Keir Starmer's stance over unions one of numerous trust issues - Bill Carmichael

All eyes have been on the leadership battle in the Conservative Party, but less attention has so far been paid to an equally vicious power struggle that is currently consuming the Labour Party.

Evidence of this nascent civil war on the left emerged this week with the sacking of Corbynista MP Sam Tarry from the Labour front bench after he appeared on a picket line with striking rail workers.

Party officials say he was dismissed for making unauthorised media appearances, but many on the left of the party claimed he paid the price for standing up for striking workers.

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Sir Keir Starmer. Pic: Getty.

The fact that Tarry is a close friend of Sir Keir Starmer’s deputy, Angela Rayner, adds an extra piquancy to this little drama.

Whatever the motives behind this spat, one thing is clear – Sir Keir and his team are determined to put as much distance as they possibly can between the leadership and Labour’s left wing.

For example, aware that the party is open to the Tory gibe that Labour is in the pocket of the unions, the leadership has been keen to discourage shadow ministers from appearing on picket lines.

Why the sudden sensitivity? Haven’t Labour MPs always joined picketing workers? The answer, as is often the case, is the heady whiff of power.

Opinion polls are consistently putting Labour ahead of the Conservatives – although not as much as they should be – and with an election less than two years away, no doubt Sir Keir can envision the day when he can cross the threshold of Number 10. But that relies on convincing the British people that Labour can be trusted with the nation’s finances, and that means severing connections with the Corbyn years and the disastrous election defeat of 2019.

Sir Keir must be hoping that voters have very short memories. Because when Jeremy Corbyn was leader, Sir Keir was one of his keenest supporters. Indeed, two years ago in the leadership battle that took place in the wake of that election defeat, Sir Keir presented himself as the Corbyn continuity candidate.

He went so far as to make 10 pledges – still available on his website – to prove his far left credentials, including increasing taxes on the top five per cent of earners, abolishing Universal Credit, “standing shoulder to shoulder” with the trade unions and nationalising “rail, mail, energy and water”.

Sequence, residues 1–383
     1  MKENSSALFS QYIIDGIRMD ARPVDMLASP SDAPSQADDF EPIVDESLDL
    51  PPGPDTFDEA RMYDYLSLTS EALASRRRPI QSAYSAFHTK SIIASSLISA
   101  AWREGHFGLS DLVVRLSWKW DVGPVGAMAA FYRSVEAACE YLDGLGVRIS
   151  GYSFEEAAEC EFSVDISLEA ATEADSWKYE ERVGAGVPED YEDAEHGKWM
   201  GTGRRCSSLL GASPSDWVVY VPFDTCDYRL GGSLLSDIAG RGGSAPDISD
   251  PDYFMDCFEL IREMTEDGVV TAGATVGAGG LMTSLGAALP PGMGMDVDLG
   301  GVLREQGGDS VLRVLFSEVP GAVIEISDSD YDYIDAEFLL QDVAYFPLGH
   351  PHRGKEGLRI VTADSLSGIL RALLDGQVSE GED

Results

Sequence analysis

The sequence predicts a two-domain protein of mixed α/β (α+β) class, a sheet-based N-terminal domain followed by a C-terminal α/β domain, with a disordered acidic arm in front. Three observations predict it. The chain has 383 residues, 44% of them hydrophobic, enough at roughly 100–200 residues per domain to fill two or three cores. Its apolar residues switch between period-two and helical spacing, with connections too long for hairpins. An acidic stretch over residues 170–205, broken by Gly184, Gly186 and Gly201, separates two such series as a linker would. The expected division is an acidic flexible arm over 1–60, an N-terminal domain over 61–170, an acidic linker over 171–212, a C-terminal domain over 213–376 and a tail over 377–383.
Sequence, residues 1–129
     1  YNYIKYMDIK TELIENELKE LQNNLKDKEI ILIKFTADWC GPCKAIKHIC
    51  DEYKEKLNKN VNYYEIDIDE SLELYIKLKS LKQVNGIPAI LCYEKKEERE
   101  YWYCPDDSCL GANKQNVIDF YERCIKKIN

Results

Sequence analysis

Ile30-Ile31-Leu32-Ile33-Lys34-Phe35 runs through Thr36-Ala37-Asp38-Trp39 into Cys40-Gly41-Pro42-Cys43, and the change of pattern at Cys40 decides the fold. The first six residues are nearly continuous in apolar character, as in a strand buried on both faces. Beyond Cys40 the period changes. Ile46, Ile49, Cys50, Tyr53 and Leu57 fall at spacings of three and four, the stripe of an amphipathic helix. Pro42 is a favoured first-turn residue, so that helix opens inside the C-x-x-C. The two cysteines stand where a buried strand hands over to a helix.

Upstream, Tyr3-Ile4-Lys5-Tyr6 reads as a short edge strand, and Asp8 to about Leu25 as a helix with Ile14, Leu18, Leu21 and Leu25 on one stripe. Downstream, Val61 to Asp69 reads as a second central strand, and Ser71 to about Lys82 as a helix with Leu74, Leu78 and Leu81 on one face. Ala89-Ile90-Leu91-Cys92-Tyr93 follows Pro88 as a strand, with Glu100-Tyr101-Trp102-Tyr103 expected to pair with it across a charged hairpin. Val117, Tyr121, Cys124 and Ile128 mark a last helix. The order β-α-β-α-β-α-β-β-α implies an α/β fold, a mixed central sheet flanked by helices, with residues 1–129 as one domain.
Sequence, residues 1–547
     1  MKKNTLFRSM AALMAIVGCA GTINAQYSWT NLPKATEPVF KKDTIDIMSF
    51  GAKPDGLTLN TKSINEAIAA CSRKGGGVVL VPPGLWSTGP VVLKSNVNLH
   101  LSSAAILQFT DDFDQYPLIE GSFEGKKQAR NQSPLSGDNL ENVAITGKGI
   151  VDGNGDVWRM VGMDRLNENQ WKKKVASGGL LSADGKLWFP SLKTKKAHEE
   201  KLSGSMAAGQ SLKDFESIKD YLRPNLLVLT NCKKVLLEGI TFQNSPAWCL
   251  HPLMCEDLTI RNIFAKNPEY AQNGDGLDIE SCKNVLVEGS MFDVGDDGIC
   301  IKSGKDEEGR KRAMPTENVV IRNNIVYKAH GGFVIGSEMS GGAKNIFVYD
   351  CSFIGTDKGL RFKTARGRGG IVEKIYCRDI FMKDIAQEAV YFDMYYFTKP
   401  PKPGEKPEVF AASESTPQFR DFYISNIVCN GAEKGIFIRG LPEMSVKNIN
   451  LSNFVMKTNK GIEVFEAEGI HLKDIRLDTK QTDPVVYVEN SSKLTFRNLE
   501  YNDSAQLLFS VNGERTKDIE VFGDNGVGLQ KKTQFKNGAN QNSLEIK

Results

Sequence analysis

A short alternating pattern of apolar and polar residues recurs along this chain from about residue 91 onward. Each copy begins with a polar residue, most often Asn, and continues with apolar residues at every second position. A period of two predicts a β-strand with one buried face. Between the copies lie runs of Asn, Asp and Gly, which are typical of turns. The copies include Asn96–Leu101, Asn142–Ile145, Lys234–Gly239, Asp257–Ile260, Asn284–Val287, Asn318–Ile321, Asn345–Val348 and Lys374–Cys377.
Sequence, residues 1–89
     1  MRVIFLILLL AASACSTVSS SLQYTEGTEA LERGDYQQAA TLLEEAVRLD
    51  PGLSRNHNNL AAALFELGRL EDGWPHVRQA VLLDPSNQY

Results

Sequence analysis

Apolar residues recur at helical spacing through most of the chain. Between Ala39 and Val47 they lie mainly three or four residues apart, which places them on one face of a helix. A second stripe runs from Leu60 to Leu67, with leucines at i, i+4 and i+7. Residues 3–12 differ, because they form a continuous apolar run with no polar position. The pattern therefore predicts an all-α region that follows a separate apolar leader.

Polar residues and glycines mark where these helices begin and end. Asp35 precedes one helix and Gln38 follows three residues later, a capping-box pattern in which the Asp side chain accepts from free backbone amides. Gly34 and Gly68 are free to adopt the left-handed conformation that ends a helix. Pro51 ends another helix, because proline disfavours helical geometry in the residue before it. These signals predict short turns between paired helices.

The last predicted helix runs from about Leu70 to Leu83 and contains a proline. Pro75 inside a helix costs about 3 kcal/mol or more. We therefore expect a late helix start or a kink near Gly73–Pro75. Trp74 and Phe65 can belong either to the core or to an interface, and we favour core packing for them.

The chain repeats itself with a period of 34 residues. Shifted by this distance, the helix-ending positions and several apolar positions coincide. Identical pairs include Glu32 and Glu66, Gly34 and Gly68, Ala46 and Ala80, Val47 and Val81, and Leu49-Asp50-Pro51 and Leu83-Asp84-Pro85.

These have largely been unceremoniously ditched. For example, Rachel Reeves, Leeds West MP and Shadow Chancellor, made it clear in an interview this week that nationalisation “just doesn’t stack up against our fiscal rules”. This U-turn has infuriated the left and led to allegations of betrayal and deception.

Bitter infighting is nothing new to Labour. Last week the party released the long-awaited Forde report that revealed that throughout Corbyn’s time as leader, the left and centrist factions of Labour were at each other’s throats. The events of the last week confirm this bitter conflict has not yet been resolved.

We shouldn’t forget either that Sir Keir was the architect of the disastrous “People’s Vote” strategy – after having previously pledged to respect the result of the 2016 Brexit referendum.

This was one of the key factors that demolished the “Red Wall” of previously safe Labour-held seats in the North and Midlands and handed Boris Johnson a landslide election victory.

Sir Keir’s struggle with his party’s left wing is reminiscent of the machinations of Tony Blair, who successfully persuaded Labour to ditch Clause IV of the rulebook that committed the party to the socialist ideal of “common ownership of the means of production, distribution and exchange” in 1995.

To be fair to the current leader, perhaps in emulating Blair he is simply being pragmatic and recognising that elections are won from the moderate centre, and not from the extremes of right or left.

And his supporters would no doubt point out that after his Clause IV victory, Blair went on to become Labour’s most effective election-winning leader in its history. And perhaps it is naive to criticise politicians for being hungry for power. After all, what is the point of going into politics if you never have the chance of making your ideas a reality?

But as pragmatic and realistic this strategy may be, I can spot one possible major problem. Sir Keir will no doubt go into the next election portraying himself as a straight dealer in sharp contrast to the duplicity the Tories have shown in recent months.

But there is nothing straight about promising to respect a referendum result, and then plotting to undermine it; or backing Corbyn and then distancing yourself from him; or pledging a raft of left wing ideas, such as nationalisation, and then reneging from those pledges for reasons of political expediency.

Voters will look at these facts and ask themselves – can we trust him?